I didn’t always believe in voting. For years I failed to live up to my responsibilities as a citizen. It wasn’t because the candidates weren’t appealing. Or because voting was just too much of a hassle. Voting just wasn’t important to me.
When you think about it there a whole lot of reasons not to vote. Sometimes voting really is difficult. Voters can face long lines due to a reduced number of polling places. There can be confusion about the kinds of ID you need at the poll. Maybe your state has strict voter ID laws and you don’t want to wait in line just to be sent home. You may have recently moved and don’t know exactly how to vote absentee.
Or you could be like me. A person unfortunate enough to live in a non-swing state. As a Democrat living in the state of Georgia voting can be a frustrating experience. Or you may be a Republican living in a blue state like New York or California.
The question is why bother voting in an election that you couldn’t possibly influence? It’s not like the outcome depends on you. My state hasn’t gone Democrat for over 20 years. (This time could be different).
The fact is that it matters whether or not we vote. Voting is important even in states that are clearly red or clearly blue. Here’s why:
On Nov. 8, we have the opportunity to exercise one of our basic rights as an American. At the national, state and local levels we get to choose leaders we think will serve us best. Some folks say voting isn’t worth the effort because no one good is running. Others just don’t trust the government. So, to them it doesn’t matter who leads us. “I’m sitting this one out,” you might hear them say.
You may have many reasons for staying home on election day. One of the big ones may the feeling that your vote doesn’t matter. You may feel that both parties are corrupt. Or that neither presidential candidate is really worthy of your vote. I can relate.
Neither party is perfect. And there are no perfect candidates. They say the reason good people don’t run for office is the toll it takes on them and their families. Who among us can stand the kind of scrutiny these folks are subjected too? We all have skeletons. I’m sure there are things you wouldn’t want the public to know about you either.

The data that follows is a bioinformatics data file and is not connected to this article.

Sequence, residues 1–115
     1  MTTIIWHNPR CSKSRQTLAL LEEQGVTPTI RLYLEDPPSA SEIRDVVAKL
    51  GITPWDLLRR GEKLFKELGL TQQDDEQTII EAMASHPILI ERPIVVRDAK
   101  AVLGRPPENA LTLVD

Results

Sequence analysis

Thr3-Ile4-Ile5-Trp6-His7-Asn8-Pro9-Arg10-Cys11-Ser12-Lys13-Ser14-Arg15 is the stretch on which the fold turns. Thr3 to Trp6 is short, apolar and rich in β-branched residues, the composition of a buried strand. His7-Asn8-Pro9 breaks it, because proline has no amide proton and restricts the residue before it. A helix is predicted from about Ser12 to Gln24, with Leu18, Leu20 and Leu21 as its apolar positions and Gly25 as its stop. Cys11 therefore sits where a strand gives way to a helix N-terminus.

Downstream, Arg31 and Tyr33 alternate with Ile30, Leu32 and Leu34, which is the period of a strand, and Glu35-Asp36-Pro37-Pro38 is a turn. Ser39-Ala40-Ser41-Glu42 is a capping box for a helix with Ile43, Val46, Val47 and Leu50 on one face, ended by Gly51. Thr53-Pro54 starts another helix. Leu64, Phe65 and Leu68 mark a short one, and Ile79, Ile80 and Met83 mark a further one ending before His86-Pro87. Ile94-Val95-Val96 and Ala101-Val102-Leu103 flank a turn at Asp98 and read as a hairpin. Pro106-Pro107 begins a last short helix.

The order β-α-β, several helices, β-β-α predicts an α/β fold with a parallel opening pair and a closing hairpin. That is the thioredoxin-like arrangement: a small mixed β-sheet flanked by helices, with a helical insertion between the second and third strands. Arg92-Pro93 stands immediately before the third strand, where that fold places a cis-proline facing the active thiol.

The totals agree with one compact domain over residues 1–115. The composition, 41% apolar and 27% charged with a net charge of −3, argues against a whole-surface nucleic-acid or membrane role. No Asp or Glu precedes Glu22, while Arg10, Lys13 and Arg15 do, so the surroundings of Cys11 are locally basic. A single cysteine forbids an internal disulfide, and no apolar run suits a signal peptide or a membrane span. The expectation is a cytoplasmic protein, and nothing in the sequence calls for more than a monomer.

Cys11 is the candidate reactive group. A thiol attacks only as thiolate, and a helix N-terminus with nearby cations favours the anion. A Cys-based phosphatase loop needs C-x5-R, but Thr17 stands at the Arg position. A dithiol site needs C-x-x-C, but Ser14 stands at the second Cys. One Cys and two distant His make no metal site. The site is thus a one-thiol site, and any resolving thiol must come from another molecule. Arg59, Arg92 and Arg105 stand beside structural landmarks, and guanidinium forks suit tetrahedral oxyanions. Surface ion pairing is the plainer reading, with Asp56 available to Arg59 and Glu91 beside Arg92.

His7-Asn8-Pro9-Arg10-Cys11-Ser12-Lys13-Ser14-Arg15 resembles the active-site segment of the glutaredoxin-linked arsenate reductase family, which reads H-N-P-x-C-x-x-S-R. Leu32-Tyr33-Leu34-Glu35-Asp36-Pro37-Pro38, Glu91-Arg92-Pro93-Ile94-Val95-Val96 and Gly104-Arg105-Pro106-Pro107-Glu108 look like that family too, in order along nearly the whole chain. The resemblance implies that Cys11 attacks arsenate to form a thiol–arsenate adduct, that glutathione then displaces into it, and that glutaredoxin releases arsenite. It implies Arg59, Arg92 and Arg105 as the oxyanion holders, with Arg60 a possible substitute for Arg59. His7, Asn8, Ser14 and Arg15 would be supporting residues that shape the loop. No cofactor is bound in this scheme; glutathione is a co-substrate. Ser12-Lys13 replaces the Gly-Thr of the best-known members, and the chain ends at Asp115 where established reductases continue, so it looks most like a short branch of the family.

It’s easy to become cynical. It’s tempting to turn a blind eye to politics. That’s why the majority of Americans never vote. Whatever the outcome on election day, about half of us will be angry at the result. For those of us in that position, it will tempting to turn our backs, pick up our marbles and go home.
Actually there is much at stake.
Do I need to remind you of the powers of a president?
- The president has veto power.
- The president is commander in chief of our military.
- The president gets to pick (with Senate approval) Supreme Court justices who may serve for life.
- The president can send our military to any location on the planet.
- The president can pick federal judges, ambassadors and other government officials.
- The president can issue pardons.
- The president can issue “executive orders.” (without congressional approval).
- The president can negotiate with Congress to influence legislation.
- The president represents us on the world stage.
- The president can make treaties.
And to think, all of this power is in just one person’s hands.
Make Them Hear You
Sure voting is important. But that’s not the only reason to do it. It’s also your responsibility as a citizen.
Our democracy works best when it lives up to its founding principles. Casting a vote is one of the few chances we get to hold this country to what it put down on paper, aka the constitution. We’re supposed to hold free and fair elections in which every eligible citizen casts a vote. It’s our job to ensure that our electoral process works according to this principle.
The most powerful peaceful weapon we have is casting a vote. We must punish those who try to derail the process by making sure they don’t win the day. At least not at the ballot box.
It is up to each one of us to protect the process itself. We can’t fix voting by staying home on election day. If you hate the new voting restrictions like I do keep this in mind: These laws were created by elected officials. Most of them came to power in years with low voter turnout. So folks who vote all of the time elected people who want to restrict your voting rights. Seems to me, one of the best ways to fix voting is to actually vote.
As messy as it may be, our participation is a must.
Ever heard the expression “stand up and be counted”? Voting gives us that opportunity. I don’t care how strong of a person you are it always hurts to feel shut out or ignored. Not voting is like saying hey, I don’t count. My opinion doesn’t matter. We both know your opinion should matter.
There are many ways to check on your voting status. In most states making sure your on the voter rolls, finding your polling place or getting info about absentee voting is just a phone call away. They can also tell you whether or not you’ll need to acquire a special ID to cast a ballot in person. Many states of course have early voting for national elections.
Another convenient tool is the many websites that offer the same service. Headcount.org is one of the better ones. It’s very comprehensive, providing info on just about every aspect of voting in your state.